Beefed up CargoSprinter on drawing board: Rees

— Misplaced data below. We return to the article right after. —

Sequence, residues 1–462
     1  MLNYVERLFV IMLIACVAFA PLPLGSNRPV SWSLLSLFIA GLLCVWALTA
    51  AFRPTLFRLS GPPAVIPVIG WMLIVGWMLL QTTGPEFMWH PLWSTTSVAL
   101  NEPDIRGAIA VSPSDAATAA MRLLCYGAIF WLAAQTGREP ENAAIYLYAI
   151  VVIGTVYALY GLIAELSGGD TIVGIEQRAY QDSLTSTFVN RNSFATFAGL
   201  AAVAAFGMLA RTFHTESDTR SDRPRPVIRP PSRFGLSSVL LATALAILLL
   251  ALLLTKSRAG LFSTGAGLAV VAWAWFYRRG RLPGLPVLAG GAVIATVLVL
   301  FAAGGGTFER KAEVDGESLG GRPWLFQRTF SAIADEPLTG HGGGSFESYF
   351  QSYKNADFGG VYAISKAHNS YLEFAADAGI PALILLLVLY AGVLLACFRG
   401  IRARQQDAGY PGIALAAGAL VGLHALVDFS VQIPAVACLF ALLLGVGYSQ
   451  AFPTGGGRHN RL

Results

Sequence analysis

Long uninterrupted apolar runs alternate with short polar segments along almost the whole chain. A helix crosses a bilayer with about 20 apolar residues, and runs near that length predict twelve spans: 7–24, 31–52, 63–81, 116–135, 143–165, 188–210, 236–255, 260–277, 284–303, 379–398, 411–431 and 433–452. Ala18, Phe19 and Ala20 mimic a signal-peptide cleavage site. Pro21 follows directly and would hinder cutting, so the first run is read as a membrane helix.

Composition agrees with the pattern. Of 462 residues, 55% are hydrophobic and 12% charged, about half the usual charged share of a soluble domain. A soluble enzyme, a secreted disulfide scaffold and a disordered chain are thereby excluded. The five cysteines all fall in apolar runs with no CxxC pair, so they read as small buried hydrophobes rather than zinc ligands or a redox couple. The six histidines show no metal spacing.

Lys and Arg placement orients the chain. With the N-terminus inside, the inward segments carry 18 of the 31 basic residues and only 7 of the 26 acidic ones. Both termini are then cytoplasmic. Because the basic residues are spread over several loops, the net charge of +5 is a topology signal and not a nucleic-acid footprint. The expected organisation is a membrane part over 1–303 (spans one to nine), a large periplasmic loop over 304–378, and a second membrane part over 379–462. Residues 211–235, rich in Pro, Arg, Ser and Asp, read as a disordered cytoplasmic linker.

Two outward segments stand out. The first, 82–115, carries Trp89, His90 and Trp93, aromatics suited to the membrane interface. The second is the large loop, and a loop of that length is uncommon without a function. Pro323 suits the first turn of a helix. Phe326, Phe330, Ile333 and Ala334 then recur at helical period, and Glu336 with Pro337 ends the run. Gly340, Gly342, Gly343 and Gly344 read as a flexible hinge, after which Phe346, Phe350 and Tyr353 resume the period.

<p>A new, more powerful version of the CargoSprinter shuttle train was already on the drawing board, CRT Group founder Col Rees said.</p> <p>Mr Rees has retained the ownership of both the iron highway technology and the CargoSprinter train from the sale of the remainder of the CRT group to Queensland rail.</p> <p>"I’m going to continue on the development of the CargoSprinter," Mr Rees told <em>Lloyd’s List DCN</em> . </p> <p>"We are getting a new company set up and then we will look at the way forward."</p> <p>Industry response to the CargoSprinter’s performance was encouraging and a new version of the port shuttle and short haul train was now on the drawing board, he said.</p> <p>"Fundamentally we need a unit that is going to carry around 60teu," Mr Rees said.</p> <p>"It will double the actual load."</p> <p>As well as interest from industry players in Australia, development of the CargoSprinter technology is also being closely observed in Europe.</p> <p>"The technology has been fantastic, it’s been the environment we have been working in that has been difficult," he said.</p> <p>Australia’s inflexible rail industry focus on heavy rail freight, has made it difficult for lighter rail ideas to break through.</p> <p>"But we’ll never get trucks out of the urban environment if we don’t," he said.</p> <p>Once the CargoSprinter technology was refined and commercially successful in Australia, it could be sold to those countries where the sorts of high container volumes around congested urban wharves and terminals would make it "a shoe in", he said.</p> <br />